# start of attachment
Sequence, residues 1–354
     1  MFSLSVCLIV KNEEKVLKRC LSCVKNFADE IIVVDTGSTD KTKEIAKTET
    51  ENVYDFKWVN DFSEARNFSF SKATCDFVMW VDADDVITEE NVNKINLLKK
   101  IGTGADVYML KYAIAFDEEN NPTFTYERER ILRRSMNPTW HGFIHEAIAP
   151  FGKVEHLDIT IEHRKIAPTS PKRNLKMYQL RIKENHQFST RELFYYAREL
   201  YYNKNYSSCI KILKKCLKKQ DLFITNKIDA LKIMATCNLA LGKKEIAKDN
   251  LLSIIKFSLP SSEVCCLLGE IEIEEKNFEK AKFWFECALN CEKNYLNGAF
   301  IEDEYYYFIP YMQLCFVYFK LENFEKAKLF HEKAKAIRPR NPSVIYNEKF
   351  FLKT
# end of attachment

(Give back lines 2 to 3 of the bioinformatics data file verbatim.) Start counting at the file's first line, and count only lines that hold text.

     1  MFSLSVCLIV KNEEKVLKRC LSCVKNFADE IIVVDTGSTD KTKEIAKTET
    51  ENVYDFKWVN DFSEARNFSF SKATCDFVMW VDADDVITEE NVNKINLLKK